Most of my studies are focused on the use of polarized light to investigate structures on the nanometer scale. Often by using spectroscopic ellipsometry combined with other characterization methods such as electron microscopy and X-ray diffraction. The structures can be thin films, multilayers, superlattices, photonic crystals, sculpted films, and / or metamaterials. In most cases, they are artificially produced, but we have also done several studies of layered structures in beetle shells. It can also be added that I get extra excited if the structures are aperiodic or chiral.
I am head of the Materials Optics unit. Our research is fundamental, yet with a focus on finding and describing new optical phenomena that can be utilized in the future.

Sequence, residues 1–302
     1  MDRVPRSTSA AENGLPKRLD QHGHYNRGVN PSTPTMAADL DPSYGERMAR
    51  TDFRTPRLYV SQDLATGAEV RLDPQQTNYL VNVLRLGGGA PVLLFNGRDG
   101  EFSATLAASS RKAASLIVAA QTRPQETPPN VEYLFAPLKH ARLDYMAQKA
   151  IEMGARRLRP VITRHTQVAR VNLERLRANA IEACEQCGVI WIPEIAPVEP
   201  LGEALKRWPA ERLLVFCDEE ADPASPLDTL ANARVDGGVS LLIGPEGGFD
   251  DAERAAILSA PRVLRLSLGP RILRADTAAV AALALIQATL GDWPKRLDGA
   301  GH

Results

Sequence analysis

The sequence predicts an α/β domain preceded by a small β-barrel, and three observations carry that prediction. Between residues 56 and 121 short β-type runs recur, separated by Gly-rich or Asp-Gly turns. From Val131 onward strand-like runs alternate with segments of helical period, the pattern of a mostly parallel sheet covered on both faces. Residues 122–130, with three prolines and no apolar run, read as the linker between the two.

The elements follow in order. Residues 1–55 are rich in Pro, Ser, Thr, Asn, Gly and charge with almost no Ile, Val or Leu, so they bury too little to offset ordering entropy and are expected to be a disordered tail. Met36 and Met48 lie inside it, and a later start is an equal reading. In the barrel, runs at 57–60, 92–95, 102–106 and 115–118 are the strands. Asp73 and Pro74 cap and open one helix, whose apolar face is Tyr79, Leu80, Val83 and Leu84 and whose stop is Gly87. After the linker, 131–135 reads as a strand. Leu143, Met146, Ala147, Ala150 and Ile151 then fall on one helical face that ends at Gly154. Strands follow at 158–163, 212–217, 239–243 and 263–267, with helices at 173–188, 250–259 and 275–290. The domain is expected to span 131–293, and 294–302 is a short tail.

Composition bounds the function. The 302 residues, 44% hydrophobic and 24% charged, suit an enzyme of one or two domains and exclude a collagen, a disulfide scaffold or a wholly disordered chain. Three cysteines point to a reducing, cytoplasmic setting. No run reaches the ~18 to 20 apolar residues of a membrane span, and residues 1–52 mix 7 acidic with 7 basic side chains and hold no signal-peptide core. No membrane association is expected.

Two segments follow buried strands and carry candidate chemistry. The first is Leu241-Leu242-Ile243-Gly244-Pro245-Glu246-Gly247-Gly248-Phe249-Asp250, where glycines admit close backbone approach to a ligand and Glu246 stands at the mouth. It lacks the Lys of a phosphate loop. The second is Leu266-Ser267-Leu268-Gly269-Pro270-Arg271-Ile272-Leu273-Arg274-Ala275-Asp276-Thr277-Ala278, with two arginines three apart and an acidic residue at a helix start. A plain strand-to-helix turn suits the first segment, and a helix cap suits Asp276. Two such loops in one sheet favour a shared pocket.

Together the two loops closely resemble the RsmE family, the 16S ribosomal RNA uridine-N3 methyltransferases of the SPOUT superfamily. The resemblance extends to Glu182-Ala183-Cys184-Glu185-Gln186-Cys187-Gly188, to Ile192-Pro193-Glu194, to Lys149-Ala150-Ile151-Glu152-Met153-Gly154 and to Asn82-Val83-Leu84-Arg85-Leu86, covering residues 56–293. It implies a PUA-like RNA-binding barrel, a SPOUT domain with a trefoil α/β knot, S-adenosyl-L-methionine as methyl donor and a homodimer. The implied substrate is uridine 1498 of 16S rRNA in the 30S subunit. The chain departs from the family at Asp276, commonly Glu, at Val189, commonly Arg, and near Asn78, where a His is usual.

I see teaching as an important part of my work and have therefore been involved in a variety of courses over the years. Nowadays, I am teaching courses related to Electromagnetics and Optics. I am also interested in pedagogy and have been involved in several educational projects. I also work with the institution's undergraduate educational administration.
What I am doing now
As deputy head of department, I am doing a fair share of administrative work trying to make life easy for the employees at our department.
Research wise I am studying the polarization properties of helicoidal structures built of III-nitrides and at the same time trying to expand our knowledge of chiral beetle epicuticle. I am in the program committee for The 8th International Conference on Spectroscopic Ellipsometry (ICSE-8) taking place in Barcelona in May.
I am also preparing for my spring course in Optics and will invoke a new pedagogic approach I believe will make the topic (even more) exciting.